"See, your king comes to you, gentle and riding on a donkey, on a colt, the foal of a donkey." (Matthew 21:5)
Sunday is a day of great joy because Jesus enters Jerusalem, and the people of the city are so excited that they welcome and greet Jesus by shouting “Hosanna,” “Hooray” and by waving Palm branches. Passion Sunday is not a time of joy because in five days Jesus will be arrested, tortured, and killed, buried in the tomb. We start with Palms and the joy with bright and upbeat music, and then turn our heads towards the Passion.
“Hosanna to the One who comes in the name of the Lord.” Shouts of hope and courage. Cries of “Hosanna” turn to shouts of a very different kind: “Crucify him!” Palm Sunday asks us to join in the joy of life and at the same time we are invited to join in Christ’s passion, glory-less and pain-full. Palm and Passion Sunday, a bittersweet Sunday, celebrates Jesus's triumphal entry into Jerusalem amidst hosannas, as the parade leads straight to the Lord Jesus’ suffering and death on Calvary.
Which one do we want? Palm Sunday or Passion Sunday? A joyous service? Or a more somber service? Two forces are in line: the Pax Romana or the Pax Christi? Strong war horses of Caesar or a small donkey of Jesus?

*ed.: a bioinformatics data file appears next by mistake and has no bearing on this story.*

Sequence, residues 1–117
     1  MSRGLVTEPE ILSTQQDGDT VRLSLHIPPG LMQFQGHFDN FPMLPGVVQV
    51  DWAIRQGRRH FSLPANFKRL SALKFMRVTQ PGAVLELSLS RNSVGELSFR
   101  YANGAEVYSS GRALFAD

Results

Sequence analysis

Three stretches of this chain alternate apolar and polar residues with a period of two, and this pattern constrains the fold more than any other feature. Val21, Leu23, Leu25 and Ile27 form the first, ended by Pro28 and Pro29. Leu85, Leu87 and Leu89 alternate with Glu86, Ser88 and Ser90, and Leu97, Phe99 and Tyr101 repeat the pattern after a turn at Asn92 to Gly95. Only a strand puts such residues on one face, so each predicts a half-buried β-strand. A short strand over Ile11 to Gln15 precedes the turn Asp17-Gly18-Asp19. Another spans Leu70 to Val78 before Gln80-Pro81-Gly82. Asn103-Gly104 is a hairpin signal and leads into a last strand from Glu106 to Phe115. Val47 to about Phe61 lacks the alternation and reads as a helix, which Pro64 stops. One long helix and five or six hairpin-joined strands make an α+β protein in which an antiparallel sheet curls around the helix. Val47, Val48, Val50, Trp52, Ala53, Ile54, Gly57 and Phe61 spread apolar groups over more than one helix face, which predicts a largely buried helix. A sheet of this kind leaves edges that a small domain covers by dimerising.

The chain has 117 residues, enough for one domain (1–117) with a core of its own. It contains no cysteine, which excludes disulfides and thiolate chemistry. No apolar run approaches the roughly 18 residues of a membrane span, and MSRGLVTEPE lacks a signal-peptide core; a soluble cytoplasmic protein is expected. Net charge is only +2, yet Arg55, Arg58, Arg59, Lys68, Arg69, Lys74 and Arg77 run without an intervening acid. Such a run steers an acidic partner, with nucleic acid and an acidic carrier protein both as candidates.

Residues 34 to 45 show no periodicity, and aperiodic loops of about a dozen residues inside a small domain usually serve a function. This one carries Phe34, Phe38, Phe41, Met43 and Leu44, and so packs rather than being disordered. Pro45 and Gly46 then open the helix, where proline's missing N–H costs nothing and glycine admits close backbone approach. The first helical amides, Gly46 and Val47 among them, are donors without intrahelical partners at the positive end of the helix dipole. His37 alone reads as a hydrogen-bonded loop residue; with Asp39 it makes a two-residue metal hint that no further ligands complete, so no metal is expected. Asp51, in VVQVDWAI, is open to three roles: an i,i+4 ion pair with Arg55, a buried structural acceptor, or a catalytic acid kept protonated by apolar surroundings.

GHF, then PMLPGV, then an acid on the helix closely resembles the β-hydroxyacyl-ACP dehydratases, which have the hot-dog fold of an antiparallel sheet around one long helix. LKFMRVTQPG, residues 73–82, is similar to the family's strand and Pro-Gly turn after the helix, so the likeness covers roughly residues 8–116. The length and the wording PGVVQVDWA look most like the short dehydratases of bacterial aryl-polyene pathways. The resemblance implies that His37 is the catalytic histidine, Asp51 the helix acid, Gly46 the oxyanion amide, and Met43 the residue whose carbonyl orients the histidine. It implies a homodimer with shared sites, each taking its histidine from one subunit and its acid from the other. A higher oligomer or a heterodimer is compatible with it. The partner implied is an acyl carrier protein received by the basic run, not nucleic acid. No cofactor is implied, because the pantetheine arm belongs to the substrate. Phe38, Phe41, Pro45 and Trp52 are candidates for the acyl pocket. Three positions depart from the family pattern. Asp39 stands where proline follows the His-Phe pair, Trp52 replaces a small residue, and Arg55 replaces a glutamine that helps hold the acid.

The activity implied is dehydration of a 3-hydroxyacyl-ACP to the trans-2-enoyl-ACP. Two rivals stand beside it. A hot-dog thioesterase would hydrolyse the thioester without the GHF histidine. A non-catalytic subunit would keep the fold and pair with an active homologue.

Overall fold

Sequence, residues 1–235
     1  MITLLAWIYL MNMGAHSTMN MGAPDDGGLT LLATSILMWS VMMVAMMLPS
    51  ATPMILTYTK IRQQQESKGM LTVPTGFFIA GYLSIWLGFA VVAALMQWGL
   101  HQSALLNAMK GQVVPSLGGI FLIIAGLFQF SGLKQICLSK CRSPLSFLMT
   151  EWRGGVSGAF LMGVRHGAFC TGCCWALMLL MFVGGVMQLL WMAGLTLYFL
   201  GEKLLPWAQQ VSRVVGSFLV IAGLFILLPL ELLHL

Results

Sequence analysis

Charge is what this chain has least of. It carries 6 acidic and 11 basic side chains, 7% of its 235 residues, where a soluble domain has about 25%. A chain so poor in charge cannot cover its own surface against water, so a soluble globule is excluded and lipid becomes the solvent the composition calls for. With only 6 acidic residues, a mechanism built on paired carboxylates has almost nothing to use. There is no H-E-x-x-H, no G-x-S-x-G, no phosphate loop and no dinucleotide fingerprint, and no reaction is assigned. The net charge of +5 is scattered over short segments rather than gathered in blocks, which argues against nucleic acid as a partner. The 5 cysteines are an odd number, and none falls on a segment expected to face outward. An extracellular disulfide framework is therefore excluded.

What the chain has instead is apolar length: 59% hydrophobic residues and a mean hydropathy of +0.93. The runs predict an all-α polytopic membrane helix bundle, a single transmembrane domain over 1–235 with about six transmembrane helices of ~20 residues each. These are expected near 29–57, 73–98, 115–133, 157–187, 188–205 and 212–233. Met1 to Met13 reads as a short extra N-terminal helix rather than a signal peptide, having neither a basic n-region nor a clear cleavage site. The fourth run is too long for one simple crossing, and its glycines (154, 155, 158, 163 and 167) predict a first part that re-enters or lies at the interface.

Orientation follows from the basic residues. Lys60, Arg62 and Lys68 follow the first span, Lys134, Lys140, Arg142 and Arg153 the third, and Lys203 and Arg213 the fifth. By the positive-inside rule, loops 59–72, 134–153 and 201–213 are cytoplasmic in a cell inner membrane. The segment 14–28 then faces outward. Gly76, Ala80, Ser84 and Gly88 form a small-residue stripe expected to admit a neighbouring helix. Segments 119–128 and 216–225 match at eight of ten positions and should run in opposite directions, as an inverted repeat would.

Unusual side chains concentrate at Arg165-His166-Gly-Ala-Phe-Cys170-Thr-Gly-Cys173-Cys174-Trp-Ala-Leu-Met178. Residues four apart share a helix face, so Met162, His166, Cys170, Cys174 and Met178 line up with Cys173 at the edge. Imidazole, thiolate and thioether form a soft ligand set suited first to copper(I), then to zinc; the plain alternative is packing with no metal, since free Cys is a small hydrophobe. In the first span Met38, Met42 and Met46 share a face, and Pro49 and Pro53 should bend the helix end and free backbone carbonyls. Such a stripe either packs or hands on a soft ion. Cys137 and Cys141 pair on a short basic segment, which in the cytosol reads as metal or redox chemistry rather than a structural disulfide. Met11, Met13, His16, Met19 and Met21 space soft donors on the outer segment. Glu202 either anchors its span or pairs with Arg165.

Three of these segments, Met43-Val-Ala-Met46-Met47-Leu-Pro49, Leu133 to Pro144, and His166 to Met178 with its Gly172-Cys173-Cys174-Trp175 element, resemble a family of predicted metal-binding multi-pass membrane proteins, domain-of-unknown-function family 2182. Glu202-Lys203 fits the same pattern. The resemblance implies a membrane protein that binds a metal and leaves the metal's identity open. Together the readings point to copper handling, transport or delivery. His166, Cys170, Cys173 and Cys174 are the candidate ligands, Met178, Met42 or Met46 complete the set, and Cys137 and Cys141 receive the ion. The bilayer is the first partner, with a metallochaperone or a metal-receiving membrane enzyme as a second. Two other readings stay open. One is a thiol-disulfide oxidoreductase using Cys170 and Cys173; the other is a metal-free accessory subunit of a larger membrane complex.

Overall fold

Jesus knew about their betrayal and still called them friends, as he washed their feet and fed them on Holy Thursday Night. Palm Sunday makes me feel uncomfortable because I do not want to suffer. Palm Sunday makes me feel uncomfortable because I want Jesus to become like an emperor, Caesar. Palm Sunday’s Hosanna makes me uncomfortable because this suffering servant has let me down, and it’s becoming much too scary and dangerous to follow him. Palm Sunday makes me uncomfortable because I have to walk with Jesus all the way to the cross. I am uncomfortable that in the end I will shout “Crucify him!” because Jesus does not support my views, my opinions, and my preferences. We all know that after the parade ends, nobody can claim Jesus as their own personal Messiah.
God will never be God on our terms. God will never be the answer to our own, self-defined questions. Palms turn to passion and Palm branches turn to ashes on our heads. Glorify God during Palm Sunday and fully trust in God during Passion Sunday. Palm Sunday is a reminder to us that Christ came, not to fulfill our hopes but God’s will for humanity.